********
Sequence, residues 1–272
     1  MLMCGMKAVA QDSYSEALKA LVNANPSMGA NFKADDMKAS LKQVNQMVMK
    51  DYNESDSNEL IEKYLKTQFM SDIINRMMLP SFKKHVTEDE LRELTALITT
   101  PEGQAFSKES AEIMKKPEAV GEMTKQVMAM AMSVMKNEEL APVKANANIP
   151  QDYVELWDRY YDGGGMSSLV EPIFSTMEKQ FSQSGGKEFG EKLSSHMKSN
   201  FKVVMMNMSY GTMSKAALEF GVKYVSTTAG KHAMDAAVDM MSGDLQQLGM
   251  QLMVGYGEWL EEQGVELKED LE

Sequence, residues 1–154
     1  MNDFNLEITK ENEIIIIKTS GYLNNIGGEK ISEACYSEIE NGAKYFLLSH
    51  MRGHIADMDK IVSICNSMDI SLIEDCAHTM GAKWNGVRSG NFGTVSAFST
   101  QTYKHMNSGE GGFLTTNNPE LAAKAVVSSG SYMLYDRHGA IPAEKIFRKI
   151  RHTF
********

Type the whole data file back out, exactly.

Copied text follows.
Sequence, residues 1–272
     1  MLMCGMKAVA QDSYSEALKA LVNANPSMGA NFKADDMKAS LKQVNQMVMK
    51  DYNESDSNEL IEKYLKTQFM SDIINRMMLP SFKKHVTEDE LRELTALITT
   101  PEGQAFSKES AEIMKKPEAV GEMTKQVMAM AMSVMKNEEL APVKANANIP
   151  QDYVELWDRY YDGGGMSSLV EPIFSTMEKQ FSQSGGKEFG EKLSSHMKSN
   201  FKVVMMNMSY GTMSKAALEF GVKYVSTTAG KHAMDAAVDM MSGDLQQLGM
   251  QLMVGYGEWL EEQGVELKED LE

Sequence, residues 1–154
     1  MNDFNLEITK ENEIIIIKTS GYLNNIGGEK ISEACYSEIE NGAKYFLLSH
    51  MRGHIADMDK IVSICNSMDI SLIEDCAHTM GAKWNGVRSG NFGTVSAFST
   101  QTYKHMNSGE GGFLTTNNPE LAAKAVVSSG SYMLYDRHGA IPAEKIFRKI
   151  RHTF